Day 684: Ella Minnow Pea

Cover for Ella Minnow PeaEven though I enjoyed Mark Dunn’s unusual novel Under the Harrow, I avoided Ella Minnow Pea for some time because it sounded too gimmicky. When I finally read it, I found it mildly entertaining, but yes gimmicky, although I can see why it would amuse those with a different sense of humor than mine.

Ella Minnow Pea is a 17-year-old girl living on a fictional island off the coast of South Carolina that is not part of the United States. This island, called Nollop, is named after Nevin Nollop, the supposed author of “The quick brown fox jumped over the lazy dog.” Nollop is the island’s most eminent native son, and there is a cenotaph containing the sentence in the middle of Nollopton.

This epistolary novel opens with a letter from Ella to her cousin Tassie in Nollopville, in which she relates that the letter z fell off the cenotaph. Soon, the island council announces that the spirit of Nollop has used this way to send the message that the letter z must be removed from all island correspondence and speech. Violation of this statute is punished severely with a third occurrence resulting in banishment. The libraries are soon closed, because no books exist without the letter z. A rebellious youth is banished almost immediately. Conveniently, the procedures for running the government are destroyed, including those for recalling the council, because they contain the banned letter. People make mistakes and are punished or banished. The radio station eventually shuts down and the newspaper struggles, because it is too difficult to avoid the letter.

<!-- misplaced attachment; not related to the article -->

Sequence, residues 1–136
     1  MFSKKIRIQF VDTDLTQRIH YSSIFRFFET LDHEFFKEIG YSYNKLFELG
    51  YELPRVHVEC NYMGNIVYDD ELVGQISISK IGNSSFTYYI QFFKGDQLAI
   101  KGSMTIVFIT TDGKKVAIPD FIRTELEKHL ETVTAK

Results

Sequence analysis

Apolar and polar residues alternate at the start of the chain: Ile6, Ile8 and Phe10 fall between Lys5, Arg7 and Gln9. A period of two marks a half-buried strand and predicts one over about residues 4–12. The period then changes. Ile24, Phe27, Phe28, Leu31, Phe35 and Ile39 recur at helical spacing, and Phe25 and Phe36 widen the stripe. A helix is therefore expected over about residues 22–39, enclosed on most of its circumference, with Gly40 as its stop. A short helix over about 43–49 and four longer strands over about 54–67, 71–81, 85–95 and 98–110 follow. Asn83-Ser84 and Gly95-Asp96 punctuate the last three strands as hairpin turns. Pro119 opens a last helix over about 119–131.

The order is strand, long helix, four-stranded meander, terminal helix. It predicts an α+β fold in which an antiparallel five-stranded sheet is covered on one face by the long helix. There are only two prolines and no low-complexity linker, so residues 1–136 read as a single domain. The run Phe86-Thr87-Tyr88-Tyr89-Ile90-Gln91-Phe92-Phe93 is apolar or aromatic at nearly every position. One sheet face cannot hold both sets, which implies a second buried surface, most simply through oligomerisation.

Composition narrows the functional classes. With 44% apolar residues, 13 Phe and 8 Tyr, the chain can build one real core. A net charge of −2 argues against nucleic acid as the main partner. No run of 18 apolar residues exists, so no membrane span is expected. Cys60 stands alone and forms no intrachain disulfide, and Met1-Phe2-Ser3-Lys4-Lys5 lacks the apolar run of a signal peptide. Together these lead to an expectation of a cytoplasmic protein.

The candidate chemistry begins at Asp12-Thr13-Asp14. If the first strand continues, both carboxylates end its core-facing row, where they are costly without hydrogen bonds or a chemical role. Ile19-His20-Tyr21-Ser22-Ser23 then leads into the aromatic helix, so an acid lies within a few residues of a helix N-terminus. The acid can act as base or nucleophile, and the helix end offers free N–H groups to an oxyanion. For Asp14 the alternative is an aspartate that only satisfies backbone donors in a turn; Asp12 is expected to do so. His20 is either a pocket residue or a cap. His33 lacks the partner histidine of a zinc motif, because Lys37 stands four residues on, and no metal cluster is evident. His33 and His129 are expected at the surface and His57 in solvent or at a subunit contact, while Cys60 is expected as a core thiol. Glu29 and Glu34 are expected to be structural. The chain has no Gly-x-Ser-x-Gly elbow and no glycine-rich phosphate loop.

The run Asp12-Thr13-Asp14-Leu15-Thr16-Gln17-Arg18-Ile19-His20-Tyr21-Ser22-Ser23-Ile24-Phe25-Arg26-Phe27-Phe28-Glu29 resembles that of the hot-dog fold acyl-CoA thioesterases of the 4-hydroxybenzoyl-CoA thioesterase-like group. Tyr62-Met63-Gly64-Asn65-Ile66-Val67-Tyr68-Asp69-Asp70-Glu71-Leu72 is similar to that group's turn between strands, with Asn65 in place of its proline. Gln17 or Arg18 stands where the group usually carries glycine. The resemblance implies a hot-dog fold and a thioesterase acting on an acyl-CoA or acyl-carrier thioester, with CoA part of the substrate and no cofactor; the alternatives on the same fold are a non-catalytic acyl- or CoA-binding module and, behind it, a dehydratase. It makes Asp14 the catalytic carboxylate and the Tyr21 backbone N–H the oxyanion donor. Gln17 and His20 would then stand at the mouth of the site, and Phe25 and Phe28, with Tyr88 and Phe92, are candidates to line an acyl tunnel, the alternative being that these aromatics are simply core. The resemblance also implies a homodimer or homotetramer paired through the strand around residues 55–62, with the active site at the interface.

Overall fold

Then another letter falls, then another.

It is mildly amusing to see how the characters get around the problem of the disappearing letters in their correspondence. Of course, the novel is a statement about tyranny and freedom of expression.

Dunn’s latest novel Ibid, a novel written entirely in footnotes, has good reviews for its originality. Another gimmick, and I’m not sure I’ll try it. Dunn’s interests seem to lie in inventing isolated imaginary places where over-elaborate speech is common, along with made-up words, and where the government can’t be trusted.

Have you read Ibid? What did you think of it?

Related Posts

Under the Harrow

Good Omens: The Nice and Accurate Prophecies of Agnes Nutter, Witch

Brave New World


2 thoughts on “Day 684: Ella Minnow Pea

  1. Naomi April 10, 2015 / 6:01 am

    I have never heard of this, or her other books. I like the title, even though it took me a minute to ‘get it’.

    • whatmeread April 10, 2015 / 7:23 am

      It took me a minute, too. Unlike my husband, I don’t think in puns! I liked Under the Harrow better, as you can tell. I guess you can describe Ella Minnow Pea as cute, with a serious message.

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